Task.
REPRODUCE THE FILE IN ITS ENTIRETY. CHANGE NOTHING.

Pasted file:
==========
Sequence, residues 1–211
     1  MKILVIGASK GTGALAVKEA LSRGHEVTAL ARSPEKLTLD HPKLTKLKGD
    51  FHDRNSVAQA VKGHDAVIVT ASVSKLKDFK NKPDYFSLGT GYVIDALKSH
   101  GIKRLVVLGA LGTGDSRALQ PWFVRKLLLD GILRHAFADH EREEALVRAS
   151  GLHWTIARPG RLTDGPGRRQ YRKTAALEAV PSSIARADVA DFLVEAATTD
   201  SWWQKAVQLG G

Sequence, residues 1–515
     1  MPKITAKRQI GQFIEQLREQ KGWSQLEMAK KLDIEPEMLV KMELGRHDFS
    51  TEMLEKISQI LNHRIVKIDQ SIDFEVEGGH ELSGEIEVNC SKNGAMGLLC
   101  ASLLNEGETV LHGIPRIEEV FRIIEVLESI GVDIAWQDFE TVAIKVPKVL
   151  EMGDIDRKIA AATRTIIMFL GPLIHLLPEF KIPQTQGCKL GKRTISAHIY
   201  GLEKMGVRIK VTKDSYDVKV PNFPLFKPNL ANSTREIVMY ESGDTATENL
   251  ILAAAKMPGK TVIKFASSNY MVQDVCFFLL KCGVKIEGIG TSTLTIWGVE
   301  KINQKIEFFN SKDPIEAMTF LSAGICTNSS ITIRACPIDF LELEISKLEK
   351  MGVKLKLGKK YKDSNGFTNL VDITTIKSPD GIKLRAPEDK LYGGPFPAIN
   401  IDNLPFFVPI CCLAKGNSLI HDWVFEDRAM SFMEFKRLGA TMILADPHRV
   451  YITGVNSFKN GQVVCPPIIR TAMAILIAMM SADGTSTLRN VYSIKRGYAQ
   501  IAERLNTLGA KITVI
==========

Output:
Sequence, residues 1–211
     1  MKILVIGASK GTGALAVKEA LSRGHEVTAL ARSPEKLTLD HPKLTKLKGD
    51  FHDRNSVAQA VKGHDAVIVT ASVSKLKDFK NKPDYFSLGT GYVIDALKSH
   101  GIKRLVVLGA LGTGDSRALQ PWFVRKLLLD GILRHAFADH EREEALVRAS
   151  GLHWTIARPG RLTDGPGRRQ YRKTAALEAV PSSIARADVA DFLVEAATTD
   201  SWWQKAVQLG G

Sequence, residues 1–515
     1  MPKITAKRQI GQFIEQLREQ KGWSQLEMAK KLDIEPEMLV KMELGRHDFS
    51  TEMLEKISQI LNHRIVKIDQ SIDFEVEGGH ELSGEIEVNC SKNGAMGLLC
   101  ASLLNEGETV LHGIPRIEEV FRIIEVLESI GVDIAWQDFE TVAIKVPKVL
   151  EMGDIDRKIA AATRTIIMFL GPLIHLLPEF KIPQTQGCKL GKRTISAHIY
   201  GLEKMGVRIK VTKDSYDVKV PNFPLFKPNL ANSTREIVMY ESGDTATENL
   251  ILAAAKMPGK TVIKFASSNY MVQDVCFFLL KCGVKIEGIG TSTLTIWGVE
   301  KINQKIEFFN SKDPIEAMTF LSAGICTNSS ITIRACPIDF LELEISKLEK
   351  MGVKLKLGKK YKDSNGFTNL VDITTIKSPD GIKLRAPEDK LYGGPFPAIN
   401  IDNLPFFVPI CCLAKGNSLI HDWVFEDRAM SFMEFKRLGA TMILADPHRV
   451  YITGVNSFKN GQVVCPPIIR TAMAILIAMM SADGTSTLRN VYSIKRGYAQ
   501  IAERLNTLGA KITVI